without access to any two-way bilingual program.

Mary Jo Hetzel of WQFE accused the mayor of using the budget crisis as a 
pretext to push his racist political agenda of a return to "neighborhood 

Nora Toney of Black Educators Alliance of Massachusetts (BEAM) spoke of 
the history of the struggle for access to quality educational programs 
for the Black community, going back to the founding of BEAM in 1966.

City Councilor Charles Yancey rallied the crowd, saying, "We can't turn 
back. We won't go back to racist resegregation of the Boston schools." 
City Councilor Sam Yoon, a mayoral candidate, also spoke against the 
five-zone plan.

A wide array of parents, teachers and students participated in the open 
discussion, including parents and teachers from the Hernandez School. 
This is currently a citywide school with a very successful two-way 
bilingual program. Under the new plan---which would only allow students 
in the zone to access it---over 55 percent of those who access the 
school today would no longer be eligible for transportation to the 
school, and no new students outside the zone could apply.

Kervin Voyard, leader of Powerful Students at the Community Academy of 
Science and Health (CASH), described the students' walkout and 
demonstration at school headquarters in early May to save teachers at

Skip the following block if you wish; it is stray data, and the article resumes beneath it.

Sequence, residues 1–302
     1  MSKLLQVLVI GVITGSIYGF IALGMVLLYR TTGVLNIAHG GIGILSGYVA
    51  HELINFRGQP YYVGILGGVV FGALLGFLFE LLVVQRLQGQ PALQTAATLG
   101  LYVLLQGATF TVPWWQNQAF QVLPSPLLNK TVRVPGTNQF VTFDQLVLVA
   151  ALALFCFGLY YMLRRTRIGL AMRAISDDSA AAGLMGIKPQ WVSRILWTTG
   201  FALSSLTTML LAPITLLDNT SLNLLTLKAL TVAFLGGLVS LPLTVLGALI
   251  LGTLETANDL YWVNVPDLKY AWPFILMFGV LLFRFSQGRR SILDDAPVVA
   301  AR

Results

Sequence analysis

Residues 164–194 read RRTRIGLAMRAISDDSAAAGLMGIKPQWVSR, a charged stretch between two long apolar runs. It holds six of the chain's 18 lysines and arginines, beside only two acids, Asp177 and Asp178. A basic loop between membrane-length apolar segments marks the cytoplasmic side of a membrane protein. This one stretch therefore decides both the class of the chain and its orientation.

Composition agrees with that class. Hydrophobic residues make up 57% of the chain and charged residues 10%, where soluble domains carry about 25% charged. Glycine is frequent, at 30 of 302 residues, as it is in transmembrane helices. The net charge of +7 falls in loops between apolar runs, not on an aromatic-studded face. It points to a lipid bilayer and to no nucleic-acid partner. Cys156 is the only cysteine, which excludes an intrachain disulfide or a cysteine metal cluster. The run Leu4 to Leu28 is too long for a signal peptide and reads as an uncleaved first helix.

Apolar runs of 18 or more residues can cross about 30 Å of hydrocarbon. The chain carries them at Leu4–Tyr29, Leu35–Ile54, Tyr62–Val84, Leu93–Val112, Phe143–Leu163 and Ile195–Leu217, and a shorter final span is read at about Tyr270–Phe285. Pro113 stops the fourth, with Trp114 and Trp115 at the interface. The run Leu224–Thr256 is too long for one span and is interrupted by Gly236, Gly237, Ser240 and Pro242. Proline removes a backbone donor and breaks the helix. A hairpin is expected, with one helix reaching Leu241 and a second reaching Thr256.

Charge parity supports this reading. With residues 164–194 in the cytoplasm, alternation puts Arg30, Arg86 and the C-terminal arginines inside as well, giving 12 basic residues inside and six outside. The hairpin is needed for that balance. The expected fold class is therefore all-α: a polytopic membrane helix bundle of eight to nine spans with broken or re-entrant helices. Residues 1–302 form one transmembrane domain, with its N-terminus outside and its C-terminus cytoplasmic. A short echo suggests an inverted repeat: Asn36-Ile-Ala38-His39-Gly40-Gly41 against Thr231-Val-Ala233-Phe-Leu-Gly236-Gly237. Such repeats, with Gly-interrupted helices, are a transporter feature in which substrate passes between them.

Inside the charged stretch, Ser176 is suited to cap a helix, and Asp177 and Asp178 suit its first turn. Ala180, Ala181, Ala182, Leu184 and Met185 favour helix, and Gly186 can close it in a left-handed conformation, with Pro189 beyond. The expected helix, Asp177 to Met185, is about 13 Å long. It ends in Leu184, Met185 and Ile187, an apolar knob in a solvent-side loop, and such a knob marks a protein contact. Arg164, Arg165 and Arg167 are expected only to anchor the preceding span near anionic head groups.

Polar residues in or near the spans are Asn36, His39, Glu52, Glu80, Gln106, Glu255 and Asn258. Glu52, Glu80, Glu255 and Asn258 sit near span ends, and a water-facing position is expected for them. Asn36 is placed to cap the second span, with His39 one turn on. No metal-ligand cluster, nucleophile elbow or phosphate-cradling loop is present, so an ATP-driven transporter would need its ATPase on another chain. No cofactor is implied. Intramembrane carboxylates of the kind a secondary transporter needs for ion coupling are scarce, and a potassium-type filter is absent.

their school from being laid off and to fight for equal, fair treatment 
for Haitian students.

Andre Francois of Boston School Bus Drivers, Steelworkers Local 8751, 
said this coalition was the beginning of the fightback against racism 
and bigotry in the city, and called on all to take it to the streets. 
The union had contributed to the struggle by printing thousands of May 
14 flyers and distributing them to the students on buses to bring to 
their parents. The union, which includes a large number of Haitian 
drivers, provided translation for a sizeable group of Haitian parents 
who attended the May 14 summit.

The event was organized by the CEQE, including BEAM; Work 4 Quality, 
Fight for Equity; Boston Parents Organizing Network; Boston School Bus 
Drivers; Chuck Turner and Charles Yancey; Minister Don Muhammad, Nation 
of Islam; Bail Out the People Movement; Women's Fightback Network; New 
England Human Rights for Haiti; Bishop Felipe Teixeira, OFSJC; Community 
Change; Fight Imperialism, Stand Together (FIST) youth; the Powerful 
Students of CASH; and Union of Minority Neighborhoods.

The coalition called on everyone to march with the Hernandez parents, 
teachers and students on May 18, and to demonstrate at the School 
Committee headquarters at 26 Court St. in Boston at 5:30 p.m. on June 3, 
when the superintendent will present the final recommendation on the 
five-zone plan.

Boston has been a battleground against racism in the schools since 1974, 

African-American parents demanded equal education 20 years after the 
Supreme Court ruled segregation unconstitutional. It took a mass march 
of 25,000 against racism in Boston on Dec. 14, 1974, to turn the corner 
against the racist attacks on school buses transporting African-American 
students to schools in predominantly white neighborhoods. Activists see 
the need to take it to the streets again to prevent a return to the 
racist, bigoted past.
Bail Out The People Movement
bopmboston at gmail.com
<mailto:bopmboston at gmail.com>http://bopm-boston.blogspot.com

*National Office
bailoutpeople at safewebmail.com
<mailto:bailoutpeople at safewebmail.com>http://www.BailOutPeople.org